17. J. L. Austin (1911–1960)
JOHN R. SEARLE
1000 - 1999
Austin, J. L.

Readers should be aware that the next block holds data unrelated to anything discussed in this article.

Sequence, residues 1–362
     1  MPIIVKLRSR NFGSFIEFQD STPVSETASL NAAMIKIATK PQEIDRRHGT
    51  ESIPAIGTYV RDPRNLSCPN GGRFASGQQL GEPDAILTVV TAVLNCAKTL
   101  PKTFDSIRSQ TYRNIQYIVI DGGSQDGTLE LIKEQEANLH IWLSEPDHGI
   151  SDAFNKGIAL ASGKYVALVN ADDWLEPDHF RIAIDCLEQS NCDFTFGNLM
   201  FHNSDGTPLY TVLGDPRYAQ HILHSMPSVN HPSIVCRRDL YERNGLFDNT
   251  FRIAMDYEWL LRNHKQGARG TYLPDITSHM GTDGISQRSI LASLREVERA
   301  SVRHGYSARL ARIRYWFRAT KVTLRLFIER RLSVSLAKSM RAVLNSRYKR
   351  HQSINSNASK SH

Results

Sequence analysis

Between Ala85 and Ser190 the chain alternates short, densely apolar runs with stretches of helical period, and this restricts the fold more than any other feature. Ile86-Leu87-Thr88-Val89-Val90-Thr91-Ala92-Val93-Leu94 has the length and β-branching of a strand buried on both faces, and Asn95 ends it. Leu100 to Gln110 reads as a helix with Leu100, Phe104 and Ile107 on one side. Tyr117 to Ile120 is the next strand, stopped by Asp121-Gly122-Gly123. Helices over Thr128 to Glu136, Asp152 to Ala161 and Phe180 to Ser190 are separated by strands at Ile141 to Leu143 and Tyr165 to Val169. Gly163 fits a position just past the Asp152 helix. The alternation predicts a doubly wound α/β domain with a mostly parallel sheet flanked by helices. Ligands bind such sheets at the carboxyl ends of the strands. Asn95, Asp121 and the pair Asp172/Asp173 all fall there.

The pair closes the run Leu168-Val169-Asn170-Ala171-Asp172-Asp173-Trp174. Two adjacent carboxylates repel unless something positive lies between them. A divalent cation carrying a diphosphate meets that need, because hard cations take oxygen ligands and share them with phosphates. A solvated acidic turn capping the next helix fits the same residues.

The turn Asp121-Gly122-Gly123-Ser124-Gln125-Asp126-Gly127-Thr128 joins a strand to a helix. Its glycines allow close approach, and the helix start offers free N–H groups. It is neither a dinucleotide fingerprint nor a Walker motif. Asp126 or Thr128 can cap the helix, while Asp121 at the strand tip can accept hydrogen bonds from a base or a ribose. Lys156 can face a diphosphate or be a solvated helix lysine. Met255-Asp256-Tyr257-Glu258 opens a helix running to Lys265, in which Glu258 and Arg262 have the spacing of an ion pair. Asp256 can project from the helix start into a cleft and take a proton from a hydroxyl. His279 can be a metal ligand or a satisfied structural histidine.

John Langshaw Austin received his university education in classics at Balliol College Oxford. After completing his degree in 1933 he became a fellow of All Souls College and in 1935 a fellow of Magdalen College. During the Second World War, from 1939 to 1945, he served as an officer in British intelligence, rising to the rank of Lt. Colonel. He is said to be largely responsible for the extraordinary accuracy of the Allied intelligence at the time of the Normandy invasion, and he received citations from the British, French, and American governments for his war work. After the war he returned to Oxford and in 1952 he became White's Professor of Moral Philosophy, a post he held until his death in 1960. When Austin was professor, there were about sixty practicing professional philosophers in Oxford, and only three held the rank of professor (the other two were Gilbert Ryle and H. H. Price). Austin was the most influential of a very distinguished group of Oxford philosophers of that period. During the fifties most people in Oxford thought it was the best university in the world for the study and practice of philosophy, and there was no question that philosophy was the dominant subject in the university at large. It is hard for people educated in other universities, even in Britain, to imagine the status, prestige, and intellectual centrality accorded to philosophy in Oxford at that time. ... log in or subscribe to read full text
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